Mom is so childlike now, and she has absolutely no filter. I don’t try to steer a conversation; I just follow along wherever her mind happens to have meandered at any given moment. Some of the things she tells me are hilarious. Sometimes, I am fascinated by her vivid recollections of the years of the Great Depression and how her family ate bountifully well off the land, despite great poverty. Other times, her recollections stab me straight through the heart – terrible family secrets that she never would have told me in years gone past. And sometimes, my breath catches in my throat as she offers me the greatest of gifts.

“I wasn’t a very good mother,” she said to me one day, in a small, unhappy voice from her hospital bed. I have never seen her look so tiny or so vulnerable. “I was so angry, then, at your father. But I shouldn’t have taken it out on you girls.”

I don’t even recall exactly what I said. I couldn’t tell her it wasn’t true. Mom could be wonderful when we were little but oh, there were some difficult times… Those were hard years for all of us. I sat down on the edge of the bed and took her hand in both of mine – I do remember that. And I must have said something to the effect of “It’s okay Mom. I know how hard those years must have been for you. And none of that matters anymore.”

And that’s the thing: none of it does matter anymore. And hearing those words meant everything to me.

They were the greatest gift my Mom has ever given me.

Patti Moore Wilson/© wednesdayschildca.wordpress.com

I reside on the unceded and unsurrendered lands of the Wolastoqiyik, Mi’kmaq and Peskotomuhkati Yik


Author: Patti Moore Wilson, wednesdayschild2

I write what I feel. And I rarely know exactly what I feel until I write. I have lived long enough to have known many joys and many sorrows. I have made many mistakes; I have forgiven myself for a few… I have learned that there are lessons in every step of this journey, if we only take the time to pay attention… I hope you will feel free to pick and choose the stories that resonate for you…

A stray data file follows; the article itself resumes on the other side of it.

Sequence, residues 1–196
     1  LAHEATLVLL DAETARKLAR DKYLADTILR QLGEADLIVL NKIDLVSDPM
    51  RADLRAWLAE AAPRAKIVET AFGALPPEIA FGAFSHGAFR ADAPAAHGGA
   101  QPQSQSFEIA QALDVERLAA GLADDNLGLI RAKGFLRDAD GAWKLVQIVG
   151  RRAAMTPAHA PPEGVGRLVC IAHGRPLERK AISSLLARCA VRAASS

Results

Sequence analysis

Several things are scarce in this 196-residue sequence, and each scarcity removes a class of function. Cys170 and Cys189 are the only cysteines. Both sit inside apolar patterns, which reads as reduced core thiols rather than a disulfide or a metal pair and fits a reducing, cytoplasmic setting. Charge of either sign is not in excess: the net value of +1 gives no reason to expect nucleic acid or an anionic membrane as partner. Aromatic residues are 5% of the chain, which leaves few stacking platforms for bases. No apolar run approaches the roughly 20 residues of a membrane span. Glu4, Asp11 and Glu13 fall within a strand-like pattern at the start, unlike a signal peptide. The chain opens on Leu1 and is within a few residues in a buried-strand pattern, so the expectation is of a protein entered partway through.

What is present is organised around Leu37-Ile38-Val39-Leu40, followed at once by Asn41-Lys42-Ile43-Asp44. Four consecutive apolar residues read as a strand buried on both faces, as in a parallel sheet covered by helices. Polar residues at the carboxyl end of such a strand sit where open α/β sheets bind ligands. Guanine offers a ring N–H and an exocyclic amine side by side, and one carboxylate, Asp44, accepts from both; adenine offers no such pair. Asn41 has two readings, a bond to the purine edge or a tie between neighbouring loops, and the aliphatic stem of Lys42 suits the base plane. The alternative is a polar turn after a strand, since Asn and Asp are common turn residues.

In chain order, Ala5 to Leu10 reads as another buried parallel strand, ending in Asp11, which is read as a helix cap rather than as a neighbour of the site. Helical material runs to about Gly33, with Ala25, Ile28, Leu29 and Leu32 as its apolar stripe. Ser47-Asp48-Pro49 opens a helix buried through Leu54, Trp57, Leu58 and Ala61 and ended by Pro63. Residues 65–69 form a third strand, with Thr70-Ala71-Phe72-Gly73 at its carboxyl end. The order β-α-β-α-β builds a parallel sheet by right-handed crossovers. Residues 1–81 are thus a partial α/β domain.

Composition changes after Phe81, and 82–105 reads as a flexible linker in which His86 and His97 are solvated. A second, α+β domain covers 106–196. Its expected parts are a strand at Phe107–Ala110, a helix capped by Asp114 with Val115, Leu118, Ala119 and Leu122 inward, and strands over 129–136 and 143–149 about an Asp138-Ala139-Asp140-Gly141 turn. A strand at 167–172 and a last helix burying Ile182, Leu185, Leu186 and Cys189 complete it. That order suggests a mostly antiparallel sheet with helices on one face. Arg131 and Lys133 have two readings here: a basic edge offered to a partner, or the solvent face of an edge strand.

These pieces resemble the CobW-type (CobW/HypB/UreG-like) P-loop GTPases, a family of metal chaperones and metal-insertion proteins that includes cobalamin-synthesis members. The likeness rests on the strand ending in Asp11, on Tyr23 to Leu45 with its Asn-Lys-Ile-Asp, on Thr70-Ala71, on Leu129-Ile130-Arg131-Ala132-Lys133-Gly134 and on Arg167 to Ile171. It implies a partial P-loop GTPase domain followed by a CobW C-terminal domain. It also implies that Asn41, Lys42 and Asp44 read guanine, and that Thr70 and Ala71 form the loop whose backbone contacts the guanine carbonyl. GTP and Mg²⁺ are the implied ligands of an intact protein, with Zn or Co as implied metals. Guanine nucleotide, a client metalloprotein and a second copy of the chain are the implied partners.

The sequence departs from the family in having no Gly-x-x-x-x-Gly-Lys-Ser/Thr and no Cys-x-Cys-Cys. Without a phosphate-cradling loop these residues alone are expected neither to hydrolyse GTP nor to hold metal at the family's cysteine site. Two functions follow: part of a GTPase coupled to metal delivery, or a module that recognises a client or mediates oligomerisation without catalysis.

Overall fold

15 thoughts on “I Wasn’t a Good Mother”

  1. I think everyone who has kids has a woke moment where they suddenly realize they weren’t the parent they always thought they were. I came to that about a decade ago when I heard my son following the same script I did. Then, I say what my mom told me: “I did my best”…

    I also came to the realization that my mom wasn’t the best cook in the world… but, I’ll keep that one to myself…

    Liked by 1 person

    1. It was a great lesson in humility for me to realize I had no idea what I was doing as a Mom, because I had intended to be awesome at it 🤷‍♀️ Now when it comes to cooking, the one thing I can say is I am NOT a good cook and I am completely uninspired in the kitchen. I would rather dig a ditch. But… my kids will try anything and they like almost everything, so, well, there’s that 🤓

      Liked by 1 person

    1. Oh bless you, Rosaliene 🙏💕 Yes, I think most of us do the best we can with where we are and what we know at the time. And if we are lucky, we find understanding and forgiveness, both for our parents and for ourselves…💕 I truly appreciate your constant encouragement and your lovely, honest, insightful responses…🙏🙏🙏

      Liked by 1 person

  2. Caretaking, is not something we know how to do right off the bat, but, we can, train our selves to be, good at it, especially when our parents are, in need of our, looking after them, and we become, more, skilled in it.

    Liked by 1 person

  3. This one made me weep, Patti. It’s great that you’re writing down your mother’s words. I so wish I’d done that.

    I tell myself that I was a “good enough” mother raising our girls. The fact that they are lovely, happy, bright, accomplished women leads me to believe that’s good enough.

    Liked by 1 person

  4. Thank you for sharing a wonderful story of you and your family!!.. one has to use the cards life has dealt us at the time, sometimes good, sometimes not so good and we learn as we go… as long as we try our best, while thinking of family also, there is no good or bad but a well done… 🙂

    Until we meet again…

    May your day be touched
    by a bit of Irish luck,
    Brightened by a song
    in your heart,
    And warmed by the smiles
    of people you love.
    (Irish Saying)

    Liked by 1 person